It also emerged the Queensland Liberal National Party sent the minister a wish list of projects for the seat of Longman, which it later won from Labor at the election.

    More than 40 per cent of projects ineligible, audit office says

    There were also 290 projects that were ineligible to receive government money, 43 per cent of those funded, the inquiry heard.

    This contradicted previous statements from Mr Morrison, who said, "the auditor-general found that there were no ineligible projects that were funded".

    These projects included:

    • 272 projects that had commenced before agreements were signed.
    • Eight projects that had already finished.
    • Five late applications.
    • Four applications that were amended after being assessed.

    "The guidelines' eligibility requirements don't end just when you've lodged your application, and this is common across many grant programs," Mr Boyd said.

    "If you've completed your work, or in some cases — as in this one — you've even started your work before a funding agreement is signed, you're not eligible to receive funding."

    In a statement on Thursday night, a spokesman for the Government said no projects found ineligible during Sport Australia's assessment process received funding.

    But that assessment process took place before funding agreements were signed — the relevant date regarding eligibility, according to the audit office.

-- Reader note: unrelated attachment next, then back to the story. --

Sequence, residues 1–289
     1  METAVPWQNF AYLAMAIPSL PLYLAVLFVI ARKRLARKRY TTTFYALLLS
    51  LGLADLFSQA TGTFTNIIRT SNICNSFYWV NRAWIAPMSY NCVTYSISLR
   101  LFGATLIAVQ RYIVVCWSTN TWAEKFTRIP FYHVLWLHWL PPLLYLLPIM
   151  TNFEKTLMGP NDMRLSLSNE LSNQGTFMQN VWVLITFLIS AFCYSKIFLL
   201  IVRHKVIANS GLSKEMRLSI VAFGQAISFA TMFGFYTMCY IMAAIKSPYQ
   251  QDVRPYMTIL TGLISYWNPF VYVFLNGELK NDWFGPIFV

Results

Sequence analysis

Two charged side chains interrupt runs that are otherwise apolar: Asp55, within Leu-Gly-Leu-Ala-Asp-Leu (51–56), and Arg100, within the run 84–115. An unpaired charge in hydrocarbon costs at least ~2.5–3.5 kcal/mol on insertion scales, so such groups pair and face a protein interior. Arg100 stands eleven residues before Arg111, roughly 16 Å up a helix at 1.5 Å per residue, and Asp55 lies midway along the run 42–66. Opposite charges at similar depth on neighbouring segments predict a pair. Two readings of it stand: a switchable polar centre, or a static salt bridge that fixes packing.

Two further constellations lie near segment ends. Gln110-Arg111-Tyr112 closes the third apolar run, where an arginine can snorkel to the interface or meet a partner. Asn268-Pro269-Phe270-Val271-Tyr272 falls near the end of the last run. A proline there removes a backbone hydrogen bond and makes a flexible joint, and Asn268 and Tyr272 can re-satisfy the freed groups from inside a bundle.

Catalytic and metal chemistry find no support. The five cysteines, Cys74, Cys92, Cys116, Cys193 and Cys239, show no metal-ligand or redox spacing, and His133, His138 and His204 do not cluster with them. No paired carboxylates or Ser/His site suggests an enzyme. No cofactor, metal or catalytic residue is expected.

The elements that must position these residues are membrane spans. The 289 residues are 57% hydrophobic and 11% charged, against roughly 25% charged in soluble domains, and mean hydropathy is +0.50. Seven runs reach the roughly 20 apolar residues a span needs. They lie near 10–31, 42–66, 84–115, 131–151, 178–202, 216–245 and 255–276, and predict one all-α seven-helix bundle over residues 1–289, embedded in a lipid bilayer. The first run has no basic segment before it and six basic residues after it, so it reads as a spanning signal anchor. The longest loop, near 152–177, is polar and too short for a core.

Labor committee chairman Anthony Chisholm said the evidence "blows out of the water the Prime Minister's defence that all projects were eligible".

    Auditor-General defends his report following Gaetjens review

    Labor and the Senate crossbench on Wednesday failed to force the Government to release the report Mr Morrison received from the boss of his department into Senator McKenzie's handling of a scandal-plagued pre-election grants program.

    Senator McKenzie's fate was sealed after an investigation by the Department of Prime Minister and Cabinet found she breached ministerial standards by failing to disclose her membership of a gun club that received almost $36,000 from a controversial sports grants program she oversaw.

    The Prime Minister has used the report by departmental secretary Phil Gaetjens — his former chief-of-staff — to fend off accusations of political bias.

    Mr Morrison has claimed the Gaetjens review did "not find evidence" that the allocation of grants was "unduly influenced by reference to marginal or targeted electorates".

    That report, completed in around a fortnight, has not been publicly released.

    Auditor-general Grant Hehir stood by the 10-month investigation his office had undertaken.

    "I'm not aware of the terms of reference for the [Gaetjens] review, the analysis that was undertaken, the evidence that they used, and like you I haven't seen the report," Mr Hehir told the committee.

    "Nothing's come to my attention which would lead me to change the [audit office] report."